Atrial fibrillation is increasingly common with advancing age. During atrial fibrillation, the heart's two upper chambers (the atria) beat chaotically and irregularly out of coordination with the two lower chambers (the ventricles) of the heart. The result is an irregular and often rapid heart rate that causes poor blood flow to the body and symptoms of heart palpitations, shortness of breath and weakness. It generates tiny blood clots which are sent around the body and can trigger a stroke. It accounts for a quarter of strokes in the elderly.
Atrial fibrillation is a major cause of hospitalisation and mortality and affects about 2.5 million people in the United States, as well as 4.5 million people in the European Union and is emerging as a growing public health concern because of the aging of the population
Follow up analysis of a previous study presented at the Heart Rhythm Society Congress in San Francisco showed earlier hopes on the new drug were well-founded indeed.
Doctors claim it is the first advance in 20 years in tackling atrial fibrillation and atrial flutter.
Many need drug treatment to stabilise a fast and erratic heartbeat that can be deadly or cause serious complications such as angina and heart failure.
Some patients go on long-term drug therapy including digoxin which slows the heart but does not restore its regularity and has been linked to higher death rates.
ATHENA trials of the new Sanofi drug had yielded positive results. It was the largest double blind randomised study in patients with atrial fibrillation and was conducted in more than 550 sites in 37 countries and enrolled a total of 4,628 patients.
(ATHENA is so called because it was A
placebo-controlled, double-blind, parallel arm T
rial to assess the efficacy of dronedarone 400 mg bid for the prevention of cardiovascular H
ospitalization or death from any cause in patiEN
ts with A
trial fibrillation/atrial flutter).
After treatment lasting at least a year, the researchers found a 30 per cent cut in risk of death from cardiovascular causes among those taking the new drug.
They also had a 25 per cent cut in risk of being hospitalised for the first time with any kind of heart problem and a 24 per cent lower risk of being taken into hospital or dying from any cause during the study period.
Lead researcher Dr Stefan Hohnloser at J.W. Goethe University in Frankfurt, Germany, said 'ATHENA is the first large trial of an antiarrhythmic agent that measures if an antiarrhythmic drug can reduce the composite outcome of the time to first cardiovascular hospitalisation or death from any cause in an atrial fibrillation population.
'The positive effects of dronedarone are significant and extremely important to the field of cardiology.'
The most frequently reported adverse events of dronedarone vs placebo induced gastro-intestinal effect (26% vs 22%), skin disorder (10% vs 8%, mainly rash) and increased blood creatinine (4.7% vs 1%). The mechanism of blood creatinine increase (inhibition of creatinine secretion at the renal tubular level) is well defined. Compared to placebo, dronedarone showed low risk of pro-arrhythmia and no excess of hospitalisations for congestive heart failure. There was a similar rate of study drug discontinuation between the two study groups.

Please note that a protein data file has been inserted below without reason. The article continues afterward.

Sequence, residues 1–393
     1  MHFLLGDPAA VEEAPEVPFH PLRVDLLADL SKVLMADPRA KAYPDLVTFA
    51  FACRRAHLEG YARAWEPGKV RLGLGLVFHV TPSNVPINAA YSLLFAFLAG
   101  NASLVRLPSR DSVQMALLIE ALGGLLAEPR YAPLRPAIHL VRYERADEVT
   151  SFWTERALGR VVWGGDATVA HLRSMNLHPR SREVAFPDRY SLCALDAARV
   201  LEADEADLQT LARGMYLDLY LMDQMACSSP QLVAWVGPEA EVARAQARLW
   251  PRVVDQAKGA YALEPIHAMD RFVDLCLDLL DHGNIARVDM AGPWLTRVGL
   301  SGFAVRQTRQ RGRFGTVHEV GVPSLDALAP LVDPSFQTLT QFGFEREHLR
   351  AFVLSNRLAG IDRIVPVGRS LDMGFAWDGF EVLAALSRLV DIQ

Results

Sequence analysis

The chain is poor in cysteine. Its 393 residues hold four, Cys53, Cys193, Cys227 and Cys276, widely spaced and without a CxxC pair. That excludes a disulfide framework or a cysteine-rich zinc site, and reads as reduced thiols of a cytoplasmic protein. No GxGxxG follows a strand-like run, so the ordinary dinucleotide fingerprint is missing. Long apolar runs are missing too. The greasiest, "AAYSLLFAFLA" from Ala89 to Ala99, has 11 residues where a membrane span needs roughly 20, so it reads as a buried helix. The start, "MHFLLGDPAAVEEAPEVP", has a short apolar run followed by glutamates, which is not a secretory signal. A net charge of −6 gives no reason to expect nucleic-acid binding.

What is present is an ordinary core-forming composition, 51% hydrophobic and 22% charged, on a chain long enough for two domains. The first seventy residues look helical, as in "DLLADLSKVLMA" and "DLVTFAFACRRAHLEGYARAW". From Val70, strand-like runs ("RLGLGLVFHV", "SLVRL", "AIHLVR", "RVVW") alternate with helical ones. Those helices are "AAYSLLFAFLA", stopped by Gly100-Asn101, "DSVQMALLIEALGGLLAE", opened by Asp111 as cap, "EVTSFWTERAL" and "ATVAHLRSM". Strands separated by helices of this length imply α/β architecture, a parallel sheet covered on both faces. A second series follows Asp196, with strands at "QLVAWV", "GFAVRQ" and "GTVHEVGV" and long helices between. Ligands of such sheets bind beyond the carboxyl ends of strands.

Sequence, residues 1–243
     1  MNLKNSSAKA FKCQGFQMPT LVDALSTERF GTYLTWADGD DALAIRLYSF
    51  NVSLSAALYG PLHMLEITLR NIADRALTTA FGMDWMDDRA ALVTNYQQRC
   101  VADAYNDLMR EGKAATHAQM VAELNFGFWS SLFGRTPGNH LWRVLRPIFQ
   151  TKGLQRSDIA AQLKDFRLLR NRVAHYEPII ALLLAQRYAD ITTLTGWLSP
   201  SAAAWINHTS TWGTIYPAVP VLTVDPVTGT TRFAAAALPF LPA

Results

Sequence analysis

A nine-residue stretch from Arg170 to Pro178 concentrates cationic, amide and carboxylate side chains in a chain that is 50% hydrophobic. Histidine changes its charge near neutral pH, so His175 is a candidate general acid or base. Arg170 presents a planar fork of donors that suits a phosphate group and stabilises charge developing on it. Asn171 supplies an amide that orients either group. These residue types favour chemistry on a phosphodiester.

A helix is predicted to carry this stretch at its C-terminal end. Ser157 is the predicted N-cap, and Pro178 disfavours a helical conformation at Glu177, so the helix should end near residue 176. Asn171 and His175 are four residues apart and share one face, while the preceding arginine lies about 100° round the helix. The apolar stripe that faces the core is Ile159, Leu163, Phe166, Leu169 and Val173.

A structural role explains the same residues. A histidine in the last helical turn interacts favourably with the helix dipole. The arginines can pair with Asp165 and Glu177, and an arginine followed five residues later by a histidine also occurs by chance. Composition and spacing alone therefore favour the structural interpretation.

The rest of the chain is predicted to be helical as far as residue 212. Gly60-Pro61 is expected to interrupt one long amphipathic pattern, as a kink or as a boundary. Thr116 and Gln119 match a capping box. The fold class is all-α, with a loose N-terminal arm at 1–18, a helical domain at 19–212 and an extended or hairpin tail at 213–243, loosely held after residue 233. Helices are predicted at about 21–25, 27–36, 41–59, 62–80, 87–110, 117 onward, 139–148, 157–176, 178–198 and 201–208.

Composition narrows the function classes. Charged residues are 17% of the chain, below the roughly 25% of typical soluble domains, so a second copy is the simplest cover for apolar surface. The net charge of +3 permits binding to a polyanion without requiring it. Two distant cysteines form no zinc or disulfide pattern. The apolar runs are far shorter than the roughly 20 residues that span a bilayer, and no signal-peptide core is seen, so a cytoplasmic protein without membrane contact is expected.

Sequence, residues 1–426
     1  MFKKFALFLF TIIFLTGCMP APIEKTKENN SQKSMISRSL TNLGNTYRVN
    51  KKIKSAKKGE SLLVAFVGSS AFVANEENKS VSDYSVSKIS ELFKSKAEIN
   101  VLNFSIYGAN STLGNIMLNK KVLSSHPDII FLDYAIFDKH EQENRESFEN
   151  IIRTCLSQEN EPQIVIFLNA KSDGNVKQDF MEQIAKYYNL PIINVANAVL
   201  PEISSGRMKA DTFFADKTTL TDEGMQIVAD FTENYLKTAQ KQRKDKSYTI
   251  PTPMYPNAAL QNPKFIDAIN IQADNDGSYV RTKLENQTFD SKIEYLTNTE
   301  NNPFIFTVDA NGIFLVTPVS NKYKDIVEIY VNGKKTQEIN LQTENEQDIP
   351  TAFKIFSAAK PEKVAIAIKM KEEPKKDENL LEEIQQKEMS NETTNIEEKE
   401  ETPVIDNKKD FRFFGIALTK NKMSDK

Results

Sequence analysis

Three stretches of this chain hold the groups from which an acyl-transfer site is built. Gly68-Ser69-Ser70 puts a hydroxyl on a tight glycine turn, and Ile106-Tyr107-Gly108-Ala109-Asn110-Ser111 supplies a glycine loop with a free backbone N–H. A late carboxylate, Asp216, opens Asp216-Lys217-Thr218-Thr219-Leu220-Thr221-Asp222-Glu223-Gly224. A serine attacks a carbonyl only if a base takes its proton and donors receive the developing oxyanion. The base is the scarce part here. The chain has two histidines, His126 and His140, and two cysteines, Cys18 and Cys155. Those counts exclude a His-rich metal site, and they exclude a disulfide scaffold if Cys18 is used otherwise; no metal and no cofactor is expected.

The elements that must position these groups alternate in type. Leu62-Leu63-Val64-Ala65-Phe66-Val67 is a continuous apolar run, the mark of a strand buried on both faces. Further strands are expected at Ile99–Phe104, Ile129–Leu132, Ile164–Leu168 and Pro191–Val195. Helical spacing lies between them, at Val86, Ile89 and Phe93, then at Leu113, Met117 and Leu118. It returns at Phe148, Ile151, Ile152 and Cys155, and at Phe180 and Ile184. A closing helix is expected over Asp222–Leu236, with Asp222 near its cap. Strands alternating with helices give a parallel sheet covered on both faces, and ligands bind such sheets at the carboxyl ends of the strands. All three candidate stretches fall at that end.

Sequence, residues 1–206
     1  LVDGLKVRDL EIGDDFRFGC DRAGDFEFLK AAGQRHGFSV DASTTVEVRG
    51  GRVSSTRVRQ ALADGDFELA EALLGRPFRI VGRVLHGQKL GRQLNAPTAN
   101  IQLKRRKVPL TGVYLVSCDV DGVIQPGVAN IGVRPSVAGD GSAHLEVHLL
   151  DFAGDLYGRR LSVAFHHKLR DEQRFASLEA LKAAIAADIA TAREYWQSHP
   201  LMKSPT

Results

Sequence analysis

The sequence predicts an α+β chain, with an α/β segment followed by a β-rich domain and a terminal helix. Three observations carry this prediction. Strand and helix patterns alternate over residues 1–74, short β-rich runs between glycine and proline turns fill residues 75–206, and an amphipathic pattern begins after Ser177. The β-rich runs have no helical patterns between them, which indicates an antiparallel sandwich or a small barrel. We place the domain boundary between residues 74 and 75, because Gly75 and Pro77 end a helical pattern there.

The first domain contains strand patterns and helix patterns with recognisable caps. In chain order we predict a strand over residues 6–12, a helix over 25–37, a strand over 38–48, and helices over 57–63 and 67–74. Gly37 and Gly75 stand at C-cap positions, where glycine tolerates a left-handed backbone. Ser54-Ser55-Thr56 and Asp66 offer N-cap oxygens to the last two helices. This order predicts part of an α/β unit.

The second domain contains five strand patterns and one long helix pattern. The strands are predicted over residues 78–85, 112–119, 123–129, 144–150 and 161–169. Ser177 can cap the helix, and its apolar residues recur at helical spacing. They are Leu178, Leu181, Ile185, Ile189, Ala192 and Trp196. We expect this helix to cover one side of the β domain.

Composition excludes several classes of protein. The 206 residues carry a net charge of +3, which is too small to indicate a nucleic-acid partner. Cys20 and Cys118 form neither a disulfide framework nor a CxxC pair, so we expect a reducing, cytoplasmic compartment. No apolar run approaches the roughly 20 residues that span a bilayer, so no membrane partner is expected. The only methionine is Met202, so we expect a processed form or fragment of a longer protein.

"ATHENA is truly a landmark trial, that marks a paradigm change for the management of atrial fibrillation," said Dr Christopher Cannon, a Senior Investigator in the TIMI Study Group at Brigham and Women's Hospital, who was not involved in the study. "Atrial fibrillation is a very common disease, and our prior treatment options have been focused only on symptom relief and a hope to not do harm, which has been the problem with prior antiarrhythmic drugs. Now, with a highly significant reduction in death or hospitalisation, as well as a 45% reduction in arrhythmic death or 30% cardiovascular death, dronedarone may become a first line treatment of atrial fibrillation".
British experts said the trial findings were significant and could change the way patients are treated.
Dr Edward Rowland, consultant cardiologist at The Heart Hospital, London, who is president of HRUK (Heart Rhythm UK), said 'Atrial Fibrillation is an enormous health problem. The impact on patients and the cost to the NHS is vast. Medications are the mainstay of treatment but those currently available have limited effectiveness.
'Hundreds of thousands of people suffer with AF so a 25 per cent reduction in deaths from any cause, whichever way you look at it, could end up with thousands of lives saved.'
Dr Jonathan Sahu, Lead Cardiologist and Consultant Electrophysiologist, Sheffield Teaching Hospital, said 'This is the first time we have seen a drug that is highly effective in this patient population without causing serious adverse events or death."
Trudie Lobban, chief executive office of the Atrial Fibrillation Association, said 'This result is really exciting news for patients and their carers.
'Atrial fibrillation has such a significant impact on all those affected, as well as a huge economic cost for the healthcare system. The future availability of a drug such as dronedarone will be welcome news.'